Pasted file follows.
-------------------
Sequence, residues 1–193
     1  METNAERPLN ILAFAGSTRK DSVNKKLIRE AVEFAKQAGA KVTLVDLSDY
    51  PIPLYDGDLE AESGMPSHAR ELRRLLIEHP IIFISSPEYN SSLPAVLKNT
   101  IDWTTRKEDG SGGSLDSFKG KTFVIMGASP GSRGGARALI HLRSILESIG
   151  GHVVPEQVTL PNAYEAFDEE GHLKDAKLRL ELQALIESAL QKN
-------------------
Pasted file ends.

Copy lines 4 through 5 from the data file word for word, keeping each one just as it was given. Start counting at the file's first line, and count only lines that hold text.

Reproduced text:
   101  IDWTTRKEDG SGGSLDSFKG KTFVIMGASP GSRGGARALI HLRSILESIG
   151  GHVVPEQVTL PNAYEAFDEE GHLKDAKLRL ELQALIESAL QKN